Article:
> we can avoid a lot of the SIMD
> troubles with every future expansion

which will be in 4-5 years time *and we do not have time to go over
this right now*.

> requiring a whole new ISA which we're
> partially inheriting by having compiler-allocated 64-bit backing registers
> for vectors instead of RVV-style expand-as-big-as-you-please giant
> registers. The scheme I proposed is designed to handle expanding the
> register file to as big as we please (limited to powers of 2, of course) by
> interleaving more registers between the existing registers.

which is something that should have been proposed and discussed
*eighteen months ago*.

> It can also
> handle backward compatibility to both OpenPower v3.1 as well as versions of
> itself with a smaller register file by having setvli's extra bits switch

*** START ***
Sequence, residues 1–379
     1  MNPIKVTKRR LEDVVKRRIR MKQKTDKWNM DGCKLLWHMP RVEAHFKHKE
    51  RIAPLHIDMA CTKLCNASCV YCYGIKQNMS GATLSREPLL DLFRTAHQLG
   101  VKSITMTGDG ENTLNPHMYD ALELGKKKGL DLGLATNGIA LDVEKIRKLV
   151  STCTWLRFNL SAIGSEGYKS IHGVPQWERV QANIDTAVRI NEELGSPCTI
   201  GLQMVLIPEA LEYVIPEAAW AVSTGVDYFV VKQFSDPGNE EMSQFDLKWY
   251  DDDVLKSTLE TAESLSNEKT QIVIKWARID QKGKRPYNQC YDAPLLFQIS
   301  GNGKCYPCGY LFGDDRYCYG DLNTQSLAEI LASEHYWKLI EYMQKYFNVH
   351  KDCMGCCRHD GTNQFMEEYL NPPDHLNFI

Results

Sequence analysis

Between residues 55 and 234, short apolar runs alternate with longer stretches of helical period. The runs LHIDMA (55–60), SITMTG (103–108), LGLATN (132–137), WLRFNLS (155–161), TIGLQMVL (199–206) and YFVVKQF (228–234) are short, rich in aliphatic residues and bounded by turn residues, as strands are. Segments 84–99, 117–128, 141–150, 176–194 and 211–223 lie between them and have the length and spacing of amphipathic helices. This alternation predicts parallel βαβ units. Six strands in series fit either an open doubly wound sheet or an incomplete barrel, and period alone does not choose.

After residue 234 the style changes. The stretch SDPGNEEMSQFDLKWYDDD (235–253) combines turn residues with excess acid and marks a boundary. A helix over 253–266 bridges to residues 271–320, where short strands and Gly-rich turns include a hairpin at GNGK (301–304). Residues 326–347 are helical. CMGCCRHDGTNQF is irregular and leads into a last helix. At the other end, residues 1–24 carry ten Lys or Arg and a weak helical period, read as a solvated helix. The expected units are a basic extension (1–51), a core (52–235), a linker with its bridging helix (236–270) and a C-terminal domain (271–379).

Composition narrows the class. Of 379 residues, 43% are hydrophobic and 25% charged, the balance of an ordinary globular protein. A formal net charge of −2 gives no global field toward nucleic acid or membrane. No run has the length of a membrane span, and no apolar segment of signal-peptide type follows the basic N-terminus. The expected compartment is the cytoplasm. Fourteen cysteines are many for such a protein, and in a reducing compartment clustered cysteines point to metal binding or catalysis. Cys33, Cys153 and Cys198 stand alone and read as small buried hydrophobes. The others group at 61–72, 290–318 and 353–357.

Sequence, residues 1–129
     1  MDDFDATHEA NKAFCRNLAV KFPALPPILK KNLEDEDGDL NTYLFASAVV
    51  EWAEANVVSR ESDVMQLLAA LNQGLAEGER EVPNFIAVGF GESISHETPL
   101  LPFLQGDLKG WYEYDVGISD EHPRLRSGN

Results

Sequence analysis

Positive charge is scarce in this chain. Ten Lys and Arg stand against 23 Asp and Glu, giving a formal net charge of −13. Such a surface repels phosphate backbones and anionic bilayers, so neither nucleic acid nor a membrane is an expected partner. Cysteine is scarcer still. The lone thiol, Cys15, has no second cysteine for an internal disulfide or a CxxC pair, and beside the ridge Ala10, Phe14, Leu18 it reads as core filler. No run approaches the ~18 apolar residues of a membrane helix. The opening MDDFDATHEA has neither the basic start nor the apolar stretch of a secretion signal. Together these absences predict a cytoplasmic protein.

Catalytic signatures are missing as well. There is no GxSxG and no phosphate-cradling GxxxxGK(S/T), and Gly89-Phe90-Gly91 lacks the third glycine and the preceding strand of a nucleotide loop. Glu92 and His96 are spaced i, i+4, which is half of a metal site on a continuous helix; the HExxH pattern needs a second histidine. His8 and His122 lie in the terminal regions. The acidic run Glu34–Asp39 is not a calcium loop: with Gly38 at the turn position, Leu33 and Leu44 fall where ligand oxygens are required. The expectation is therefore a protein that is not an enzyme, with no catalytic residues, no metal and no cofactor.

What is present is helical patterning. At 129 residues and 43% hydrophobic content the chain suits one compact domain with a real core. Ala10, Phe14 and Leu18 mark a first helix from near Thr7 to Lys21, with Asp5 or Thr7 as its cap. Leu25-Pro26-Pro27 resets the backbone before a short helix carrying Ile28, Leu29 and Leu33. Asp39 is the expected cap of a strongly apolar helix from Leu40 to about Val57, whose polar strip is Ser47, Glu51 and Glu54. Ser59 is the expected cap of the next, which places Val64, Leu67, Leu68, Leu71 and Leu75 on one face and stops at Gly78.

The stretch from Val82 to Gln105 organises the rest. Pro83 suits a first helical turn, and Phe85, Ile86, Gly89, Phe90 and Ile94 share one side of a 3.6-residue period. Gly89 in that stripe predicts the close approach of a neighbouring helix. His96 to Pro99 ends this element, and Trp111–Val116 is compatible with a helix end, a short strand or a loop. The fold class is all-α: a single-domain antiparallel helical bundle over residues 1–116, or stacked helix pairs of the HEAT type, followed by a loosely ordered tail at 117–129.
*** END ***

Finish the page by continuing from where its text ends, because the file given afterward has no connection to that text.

> the cpu to a mode where it skips the new registers when vectorizing
> instructions (basically changing the register number increment to 2^n
> instead of 1).

great.  so please be strict about this: document it, then forget it.

this is an important lesson for you, jacob, when it comes to project
management.  there are different phases and times.  new ideas -
redesigns - can be extremely disruptive if proposed at a point when
the context has moved on to one that's under time-crunch.

i have a map in my head of how things need to be implemented, i have a
map in my head of the design of SV, and the context *has* to move to
"implement this, right now, as fast as possible, as soon as possible".

trying to compare that *massive* map when i have both short-term
memory problems and a strange form of dyslexia, i can't handle it.  18
months ago, i could handle it: we weren't under time-pressure back

so, to recap:

* incremental *small* ideas are not a problem (such as adding a new
peripheral instruction)
* major *necessary* ideas are a problem that we just have to suck it
up (such as adding CR support, which doesn't exist in RV)
* major disruptive ideas which take time to understand and evaluate:
document them, then forget them.  they can be revisited during